signal loss

Definition of signal loss in The Network Encyclopedia.

What is signal loss?

The loss of strength of a signal as it propagates over a medium. Generally, the term refers to loss of signal strength in guided media such as copper cabling and fiber-optic cabling. Unguided media such as wireless networking technologies have signals that decrease in power per unit area primarily because of the inverse square law.

How It Works

A number of mechanisms can cause signal loss in a wire or cable:

  • Attenuation:
    Caused by resistive losses in the cable and affects only copper cabling


  • Absorption:
    Causes signal loss in fiber cabling because the glass core material is not perfectly transparent


  • Fractures:
    Can result in both attenuation and absorption of signal strength


  • Splices, connectors, and couplings:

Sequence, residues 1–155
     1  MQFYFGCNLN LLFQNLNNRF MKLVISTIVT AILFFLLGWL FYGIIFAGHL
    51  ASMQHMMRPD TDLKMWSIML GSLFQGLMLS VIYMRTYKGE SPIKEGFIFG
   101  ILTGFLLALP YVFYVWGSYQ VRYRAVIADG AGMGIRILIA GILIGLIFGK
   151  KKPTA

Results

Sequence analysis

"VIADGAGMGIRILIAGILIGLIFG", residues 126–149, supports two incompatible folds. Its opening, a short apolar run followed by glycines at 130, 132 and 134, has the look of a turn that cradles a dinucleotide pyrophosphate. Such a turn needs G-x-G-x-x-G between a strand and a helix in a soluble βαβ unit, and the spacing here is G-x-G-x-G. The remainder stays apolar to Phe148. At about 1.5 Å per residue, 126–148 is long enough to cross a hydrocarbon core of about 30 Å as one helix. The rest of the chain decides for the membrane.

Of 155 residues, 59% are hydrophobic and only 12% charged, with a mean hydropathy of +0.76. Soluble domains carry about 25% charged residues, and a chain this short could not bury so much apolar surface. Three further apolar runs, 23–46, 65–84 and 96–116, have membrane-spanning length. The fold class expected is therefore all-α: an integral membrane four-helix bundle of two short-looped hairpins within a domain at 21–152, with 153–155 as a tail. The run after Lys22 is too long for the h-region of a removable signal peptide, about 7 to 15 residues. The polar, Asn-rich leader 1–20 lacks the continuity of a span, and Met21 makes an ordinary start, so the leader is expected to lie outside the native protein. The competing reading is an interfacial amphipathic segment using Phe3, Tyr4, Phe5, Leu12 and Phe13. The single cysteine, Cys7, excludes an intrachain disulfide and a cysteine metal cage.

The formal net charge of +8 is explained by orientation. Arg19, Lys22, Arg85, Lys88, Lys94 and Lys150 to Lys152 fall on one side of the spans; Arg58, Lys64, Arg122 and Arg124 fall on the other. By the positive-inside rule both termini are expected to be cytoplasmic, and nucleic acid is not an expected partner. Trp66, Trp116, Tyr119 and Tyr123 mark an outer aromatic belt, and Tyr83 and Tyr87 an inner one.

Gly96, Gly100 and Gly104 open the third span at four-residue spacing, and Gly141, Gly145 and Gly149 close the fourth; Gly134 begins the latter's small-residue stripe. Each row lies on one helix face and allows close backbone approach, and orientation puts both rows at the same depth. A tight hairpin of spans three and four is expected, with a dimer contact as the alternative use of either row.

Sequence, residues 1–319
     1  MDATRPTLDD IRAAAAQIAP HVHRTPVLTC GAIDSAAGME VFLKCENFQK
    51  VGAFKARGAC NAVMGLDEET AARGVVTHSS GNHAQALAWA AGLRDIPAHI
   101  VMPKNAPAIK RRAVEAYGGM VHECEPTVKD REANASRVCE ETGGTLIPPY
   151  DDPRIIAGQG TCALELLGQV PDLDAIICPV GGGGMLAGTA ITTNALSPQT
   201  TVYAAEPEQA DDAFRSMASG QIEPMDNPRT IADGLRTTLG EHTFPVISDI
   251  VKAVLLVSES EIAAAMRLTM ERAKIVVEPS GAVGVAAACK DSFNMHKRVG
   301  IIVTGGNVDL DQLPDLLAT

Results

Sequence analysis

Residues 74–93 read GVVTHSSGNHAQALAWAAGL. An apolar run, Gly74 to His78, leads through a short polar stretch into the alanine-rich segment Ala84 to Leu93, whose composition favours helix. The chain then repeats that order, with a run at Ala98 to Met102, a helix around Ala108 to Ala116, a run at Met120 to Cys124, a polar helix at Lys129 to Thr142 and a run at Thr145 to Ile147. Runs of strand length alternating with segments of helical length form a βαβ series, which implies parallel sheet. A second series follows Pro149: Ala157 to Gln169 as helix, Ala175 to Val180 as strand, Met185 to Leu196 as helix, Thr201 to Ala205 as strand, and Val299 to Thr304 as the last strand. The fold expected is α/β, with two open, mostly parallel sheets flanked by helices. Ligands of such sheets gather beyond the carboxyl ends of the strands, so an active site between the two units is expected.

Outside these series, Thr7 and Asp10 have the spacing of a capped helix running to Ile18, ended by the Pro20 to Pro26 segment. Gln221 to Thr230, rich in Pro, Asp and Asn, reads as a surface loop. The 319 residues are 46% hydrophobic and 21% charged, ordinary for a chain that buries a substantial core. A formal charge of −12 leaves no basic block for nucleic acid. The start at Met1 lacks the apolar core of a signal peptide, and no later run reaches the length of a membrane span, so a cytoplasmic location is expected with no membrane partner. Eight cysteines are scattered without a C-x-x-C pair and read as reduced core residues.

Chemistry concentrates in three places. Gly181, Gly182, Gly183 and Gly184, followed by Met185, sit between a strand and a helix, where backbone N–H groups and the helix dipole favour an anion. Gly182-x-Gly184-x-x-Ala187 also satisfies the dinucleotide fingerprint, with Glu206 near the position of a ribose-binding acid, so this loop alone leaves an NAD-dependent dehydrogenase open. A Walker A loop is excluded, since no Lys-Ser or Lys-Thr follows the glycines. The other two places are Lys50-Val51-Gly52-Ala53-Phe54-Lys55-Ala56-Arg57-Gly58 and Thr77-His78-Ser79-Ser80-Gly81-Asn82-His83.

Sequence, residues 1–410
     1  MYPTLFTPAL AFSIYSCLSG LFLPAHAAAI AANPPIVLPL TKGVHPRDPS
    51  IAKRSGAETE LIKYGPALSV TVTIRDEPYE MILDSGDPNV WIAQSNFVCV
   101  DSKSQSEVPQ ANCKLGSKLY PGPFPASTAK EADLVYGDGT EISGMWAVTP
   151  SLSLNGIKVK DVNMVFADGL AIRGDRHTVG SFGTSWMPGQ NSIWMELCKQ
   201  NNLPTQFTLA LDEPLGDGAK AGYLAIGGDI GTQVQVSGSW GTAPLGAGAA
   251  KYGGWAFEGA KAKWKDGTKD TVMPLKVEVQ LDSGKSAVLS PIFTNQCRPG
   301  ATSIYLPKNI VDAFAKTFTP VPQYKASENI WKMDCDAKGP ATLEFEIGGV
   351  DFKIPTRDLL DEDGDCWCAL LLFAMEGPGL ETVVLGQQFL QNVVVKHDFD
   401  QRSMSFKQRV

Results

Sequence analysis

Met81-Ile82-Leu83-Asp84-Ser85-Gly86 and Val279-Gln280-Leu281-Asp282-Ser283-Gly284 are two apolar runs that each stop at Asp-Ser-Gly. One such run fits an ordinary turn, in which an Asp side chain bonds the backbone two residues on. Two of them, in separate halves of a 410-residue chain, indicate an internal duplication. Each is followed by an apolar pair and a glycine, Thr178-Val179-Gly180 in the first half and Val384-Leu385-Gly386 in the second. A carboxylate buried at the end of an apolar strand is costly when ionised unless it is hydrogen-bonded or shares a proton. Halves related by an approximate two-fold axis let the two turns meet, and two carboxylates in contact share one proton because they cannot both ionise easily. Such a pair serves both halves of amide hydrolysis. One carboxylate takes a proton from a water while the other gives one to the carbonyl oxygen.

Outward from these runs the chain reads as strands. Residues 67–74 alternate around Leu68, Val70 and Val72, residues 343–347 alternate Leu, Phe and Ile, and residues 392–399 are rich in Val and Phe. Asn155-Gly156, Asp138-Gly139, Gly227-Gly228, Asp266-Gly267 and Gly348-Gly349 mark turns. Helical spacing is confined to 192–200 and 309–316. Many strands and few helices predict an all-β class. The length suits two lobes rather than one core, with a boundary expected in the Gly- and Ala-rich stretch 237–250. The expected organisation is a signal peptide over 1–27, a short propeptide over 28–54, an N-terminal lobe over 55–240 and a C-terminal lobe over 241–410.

Involve dissimilar materials joined together and generally produce some loss


Signal loss is generally expressed in units of decibels (dB) per source of the loss. The following table shows typical signal loss values for fiber-optic cabling. These rough values are useful for estimating total signal loss, which you calculate by simply adding the loss for each element in the light path.

Signal Loss Values for Fiber-Optic Cabling

Source of Loss Approximate Signal Loss
Connector loss
3 dB/termination
Coupling loss
2 dB/coupler
Intrinsic loss
6 dB/1000 meters
Microbending loss
Increases with decreasing bend radius
Splice loss
4 dB/splice


The total end-to-end signal loss of a light path through a fiber-optic cabling system is known as the optical power budget. If this value is greater than the power launch rating of your line driver, your system won’t work.